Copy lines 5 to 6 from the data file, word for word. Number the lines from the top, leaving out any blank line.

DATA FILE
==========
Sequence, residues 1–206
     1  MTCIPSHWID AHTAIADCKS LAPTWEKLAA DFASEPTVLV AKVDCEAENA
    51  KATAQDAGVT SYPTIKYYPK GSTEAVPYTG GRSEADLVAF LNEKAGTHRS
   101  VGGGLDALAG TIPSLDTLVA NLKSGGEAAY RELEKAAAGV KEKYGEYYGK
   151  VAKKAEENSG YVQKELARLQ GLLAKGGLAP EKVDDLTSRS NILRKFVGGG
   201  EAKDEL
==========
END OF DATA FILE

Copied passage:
   151  VAKKAEENSG YVQKELARLQ GLLAKGGLAP EKVDDLTSRS NILRKFVGGG
   201  EAKDEL